so that might indicate that the device is working fine (at least on some days). A butterfly might not be a weird suggestion after all. Those wings have some weird spectral characteristics. next time you see a spike, run outside.

Butterfly wings are most likely Lambertian scatterers (i.e. they scatter light equally into all angles of a hemisphere) so they will not increase the irradiance measured by the VIS detector. Even if they were perfect mirrors they would not increase the irradiance recorded by the detector. The butterfly wings would have to have some curvature (optical power) to focus light on the detector to increase the W/m2 recorded by the detector. Typical Solar irradiance at ground level is around 1120 W/m2, and at the top of the atmosphere it averages about 1361 W/m2, so readings of 1620 W/m2 are highly unlikely.

Actually, in thinking about it some more butterfly wings (or other scatterers) could direct additional light into the sensor that could add to the baseline radiation from the sun. I would bet more on the mockingjays flying by, instead of perching on the sensor head as a possible cause of this but it’s still odd to see these single point (1 minute) spikes in the VIS but not UV sensor.

The 3-Aug-2020 data above might support the mockingjay fly-by explanation for the positive spikes. There were mockingjay landings on the sensor head only before noon and positive spikes also only before noon. I’ll have to go back and look at some other data sets from before I added the Crown of Thorns to see if there really is a correlation between bird landings and the appearance of these positive spikes.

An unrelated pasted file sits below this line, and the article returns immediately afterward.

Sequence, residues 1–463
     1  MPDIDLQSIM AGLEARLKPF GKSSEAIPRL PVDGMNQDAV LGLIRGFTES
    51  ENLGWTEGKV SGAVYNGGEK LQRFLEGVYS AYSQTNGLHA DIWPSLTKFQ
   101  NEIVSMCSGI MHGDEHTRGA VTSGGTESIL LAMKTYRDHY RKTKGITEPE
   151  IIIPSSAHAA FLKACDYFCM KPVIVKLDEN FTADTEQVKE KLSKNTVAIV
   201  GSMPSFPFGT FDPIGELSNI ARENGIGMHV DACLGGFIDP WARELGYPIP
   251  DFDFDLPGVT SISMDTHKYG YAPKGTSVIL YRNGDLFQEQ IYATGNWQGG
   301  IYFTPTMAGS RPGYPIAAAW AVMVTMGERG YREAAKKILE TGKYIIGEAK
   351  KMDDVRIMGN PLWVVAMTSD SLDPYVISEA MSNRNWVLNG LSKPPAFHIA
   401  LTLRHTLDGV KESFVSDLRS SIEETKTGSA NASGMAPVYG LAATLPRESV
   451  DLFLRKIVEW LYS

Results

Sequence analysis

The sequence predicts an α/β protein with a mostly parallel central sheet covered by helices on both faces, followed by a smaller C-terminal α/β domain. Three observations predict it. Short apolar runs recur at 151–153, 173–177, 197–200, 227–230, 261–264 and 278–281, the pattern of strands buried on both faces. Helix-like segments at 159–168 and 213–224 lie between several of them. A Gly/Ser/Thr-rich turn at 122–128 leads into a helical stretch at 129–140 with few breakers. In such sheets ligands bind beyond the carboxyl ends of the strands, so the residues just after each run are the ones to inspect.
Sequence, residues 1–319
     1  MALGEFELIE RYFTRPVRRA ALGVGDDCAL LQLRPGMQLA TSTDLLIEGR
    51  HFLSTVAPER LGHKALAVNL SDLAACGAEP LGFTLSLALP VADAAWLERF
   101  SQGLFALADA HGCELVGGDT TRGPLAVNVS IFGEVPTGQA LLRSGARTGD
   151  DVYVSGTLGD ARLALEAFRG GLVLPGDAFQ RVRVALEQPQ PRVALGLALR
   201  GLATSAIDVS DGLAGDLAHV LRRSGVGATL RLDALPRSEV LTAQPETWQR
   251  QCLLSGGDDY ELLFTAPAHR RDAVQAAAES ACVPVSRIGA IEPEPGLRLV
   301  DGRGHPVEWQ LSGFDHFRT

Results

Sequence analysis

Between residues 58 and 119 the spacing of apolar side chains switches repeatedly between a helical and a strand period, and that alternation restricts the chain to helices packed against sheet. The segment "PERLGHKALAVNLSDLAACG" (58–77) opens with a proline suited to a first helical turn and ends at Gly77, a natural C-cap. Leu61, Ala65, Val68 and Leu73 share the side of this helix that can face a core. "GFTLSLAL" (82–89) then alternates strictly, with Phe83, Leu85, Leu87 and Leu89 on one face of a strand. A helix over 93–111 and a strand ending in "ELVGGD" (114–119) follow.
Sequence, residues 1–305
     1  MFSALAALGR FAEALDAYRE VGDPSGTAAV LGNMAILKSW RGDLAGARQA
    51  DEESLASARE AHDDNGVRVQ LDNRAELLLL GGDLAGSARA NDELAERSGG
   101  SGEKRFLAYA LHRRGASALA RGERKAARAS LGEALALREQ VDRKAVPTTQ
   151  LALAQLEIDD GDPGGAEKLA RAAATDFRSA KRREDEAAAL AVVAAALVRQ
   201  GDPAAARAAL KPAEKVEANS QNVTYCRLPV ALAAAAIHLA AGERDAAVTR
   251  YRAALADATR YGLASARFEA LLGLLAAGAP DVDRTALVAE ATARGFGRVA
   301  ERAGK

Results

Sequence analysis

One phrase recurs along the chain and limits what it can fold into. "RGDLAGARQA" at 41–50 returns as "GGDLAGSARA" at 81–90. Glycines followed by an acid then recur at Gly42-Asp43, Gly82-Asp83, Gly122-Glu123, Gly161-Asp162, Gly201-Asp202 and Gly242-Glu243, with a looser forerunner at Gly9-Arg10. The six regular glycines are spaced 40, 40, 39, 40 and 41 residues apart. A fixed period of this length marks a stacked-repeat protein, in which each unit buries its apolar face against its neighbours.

for sure if you were to put a vertical piece of white paper just next to the sensor’s window and both are illuminated by the sun, that bright white paper as seen from the sensor is way more brighter than the blue sky it is blocking. If it was a perfect mirror, the sensor might see two suns. No curvature or lens is needed. I’m not saying it are butterflies, but it might be possible.

you probably have noticed at some time in your life, that on a sunny day with some partial clouds, you want to put on your sunglasses much more then with just blue sky. The sky might be brighter with some clouds.

if that is the bird, it is pretty white chested. I would think that depending on how it stands on your unit, it might indeed reflect more light into the unit without covering the sensor. Only helpful when their wings just as the butterflies don’t reflect UV as much as visible light. But then again I thought the positive spikes were still there after you installed the anti bird crown, I assume the bird isn’t sitting on the unit any more, or is it??
(flying over is pretty unlikely to go together with the exact time of measurement so that doesn’t cause the amount of positive spikes the you see)